Why music matters
A recent study claims learning an instrument does not boost a child's academic achievement. Matthew Blunt, Director of Music at St. Catherine’s Preparatory School, argues that music is an aid for other areas of learning and should not be disregarded.
Everybody hates scales. My brother, a trombonist, loathed them, and couldn’t understand why I would run up and down my scales on a daily basis with glee, utilising my musical toolkit to its full potential. He struggled with them because of his dyslexia, and this was frustrating, as he was a natural player, but there were clear obstacles for him in terms of putting the scales in order in his mind. Gradually, through his childhood, his scales became easier, as learning the beauty of music gave a new order to these black clusters of notes that had to be memorised, and shaped them into sounds and colours in his mind’s eye. This order helped him to unravel other areas of his education, namely his spelling and speech. His musical education, however much he despised those scales, helped him to deal better with abstract shapes on a page, something that can take many years for people with dyslexia.
However, not everyone agrees that learning a musical instrument enhances a child’s academic performance. The University of Liverpool have released a study stating that learning a musical instrument does not boost a child’s academic achievement. Preparatory schools are known to champion music as the cross-curricular, creative discipline it is, a golden nugget of learning potential. My view is those in a position to guide educational policy should listen to us, and look deeper into why we spend so much money, time and energy in this area, as both teachers and parents. Primary music, in particular, has suffered huge losses in recent years and it is an area we must continue to fight for with passion and conviction.
I see music as an aid for other areas of learning, and so, very frequently, I have had to write lesson plans describing how many cross-curricular links I am expressing in one lesson. These cross-curricular links spark connections from the creative part of our minds to the academic side, helping to merge the way we solve problems. It not only helps us to become ‘out-of-the-box’ thinkers, it shapes who we are.
My own experience was a daily routine of 2 hours committed music learning outside school from the age of 11-this made me grow up fast. I had to manage my schedules, plan my practice effectively, change my style of learning every hour, learn to analyse infinitesimal sounds, add, multiply, sub-divide, and grow as a creative artist all at the same time. Any discipline that asks a child to do that is helping them to learn valuable life skills, and most of these life skills are self-taught, often taking place in a practice room where no one ever sees the cogs turning. The golden opportunity that all teachers look for, child-initiated learning and self-motivated study, happens day in, day out, through music. This is a learning space that parents often don’t interfere in. These hidden benefits are never written about or explicitly shared, and people deciding on where to invest their money often just see a black hole instead of the infinite knowledge behind the event horizon. It is what’s underneath that speaks volumes and helps us in later life, when we have grown past our first primary stumbles through theory classes.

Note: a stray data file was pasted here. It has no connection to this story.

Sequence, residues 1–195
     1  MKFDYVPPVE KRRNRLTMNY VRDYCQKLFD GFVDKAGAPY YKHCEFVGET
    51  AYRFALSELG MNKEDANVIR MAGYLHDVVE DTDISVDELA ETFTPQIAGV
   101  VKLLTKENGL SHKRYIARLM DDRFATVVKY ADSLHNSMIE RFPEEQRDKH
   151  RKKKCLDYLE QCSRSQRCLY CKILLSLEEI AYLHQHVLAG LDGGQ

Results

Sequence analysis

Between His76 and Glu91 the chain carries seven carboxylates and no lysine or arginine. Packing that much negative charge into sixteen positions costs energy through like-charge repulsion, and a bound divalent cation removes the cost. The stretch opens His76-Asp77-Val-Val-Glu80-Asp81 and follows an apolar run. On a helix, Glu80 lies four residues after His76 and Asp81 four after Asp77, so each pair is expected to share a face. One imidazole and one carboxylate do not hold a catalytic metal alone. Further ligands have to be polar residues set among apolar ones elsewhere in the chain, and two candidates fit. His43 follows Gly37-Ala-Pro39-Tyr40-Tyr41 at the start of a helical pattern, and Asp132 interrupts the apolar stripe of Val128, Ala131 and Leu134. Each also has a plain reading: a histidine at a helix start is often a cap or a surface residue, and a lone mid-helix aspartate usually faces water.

This systemic dilemma often leads me to contemplate the reason I aim to teach and share a love of all music with my pupils. I want them to grow older creating the soundscapes that others can only imagine, to have a quiet place to be contemplative, an angry place to let out frustration, to create something beautiful and see their work appreciated. Adults often turn to music as an outlet for feelings, and a love of music helps them later in life; it gives them a place to go in their mind when ‘adulting’ becomes too much. Music is often overlooked as a tool for self-reflection; as a means to counsel, to remedy and to repair, but it is just as useful a skill as academic accolade. It is the skill of release, and of retreat. It is the skill of finding that happy place in amongst the worries of life. And that skill is what I want to impart to my students, for don’t we all want them to experience the subject that gives you the tools to live happy and fulfilled lives? Music.